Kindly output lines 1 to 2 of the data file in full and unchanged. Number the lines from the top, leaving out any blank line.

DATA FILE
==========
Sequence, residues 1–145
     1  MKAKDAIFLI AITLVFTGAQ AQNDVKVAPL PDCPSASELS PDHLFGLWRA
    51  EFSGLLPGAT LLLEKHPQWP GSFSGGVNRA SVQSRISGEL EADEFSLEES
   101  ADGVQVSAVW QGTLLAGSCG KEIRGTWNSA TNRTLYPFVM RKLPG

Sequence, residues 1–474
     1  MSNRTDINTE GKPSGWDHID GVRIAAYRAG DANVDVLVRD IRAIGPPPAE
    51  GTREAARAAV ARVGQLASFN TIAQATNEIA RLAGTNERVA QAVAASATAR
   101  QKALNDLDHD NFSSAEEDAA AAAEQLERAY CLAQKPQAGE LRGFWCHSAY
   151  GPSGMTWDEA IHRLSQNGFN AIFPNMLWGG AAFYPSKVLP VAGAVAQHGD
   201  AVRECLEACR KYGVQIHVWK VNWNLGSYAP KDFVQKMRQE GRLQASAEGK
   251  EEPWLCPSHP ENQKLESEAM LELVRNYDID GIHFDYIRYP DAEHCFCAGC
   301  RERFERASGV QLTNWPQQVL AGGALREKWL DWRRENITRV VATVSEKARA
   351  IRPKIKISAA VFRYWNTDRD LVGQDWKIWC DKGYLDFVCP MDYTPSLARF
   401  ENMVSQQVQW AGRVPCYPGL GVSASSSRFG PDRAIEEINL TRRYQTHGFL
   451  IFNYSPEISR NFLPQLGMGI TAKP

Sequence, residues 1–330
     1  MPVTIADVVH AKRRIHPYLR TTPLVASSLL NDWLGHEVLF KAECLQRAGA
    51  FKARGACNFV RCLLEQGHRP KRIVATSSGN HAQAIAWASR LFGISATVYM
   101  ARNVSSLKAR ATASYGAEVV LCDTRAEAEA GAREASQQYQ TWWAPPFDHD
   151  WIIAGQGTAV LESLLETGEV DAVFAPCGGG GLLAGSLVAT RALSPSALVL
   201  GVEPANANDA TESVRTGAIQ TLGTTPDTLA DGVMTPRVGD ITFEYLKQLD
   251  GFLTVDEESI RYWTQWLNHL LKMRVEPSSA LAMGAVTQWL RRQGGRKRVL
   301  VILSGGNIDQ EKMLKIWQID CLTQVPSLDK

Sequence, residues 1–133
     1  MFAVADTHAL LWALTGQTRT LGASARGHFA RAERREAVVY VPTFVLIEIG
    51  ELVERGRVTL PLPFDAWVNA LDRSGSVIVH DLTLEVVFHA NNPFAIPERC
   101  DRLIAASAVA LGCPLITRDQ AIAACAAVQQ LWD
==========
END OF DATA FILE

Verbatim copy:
Sequence, residues 1–145
     1  MKAKDAIFLI AITLVFTGAQ AQNDVKVAPL PDCPSASELS PDHLFGLWRA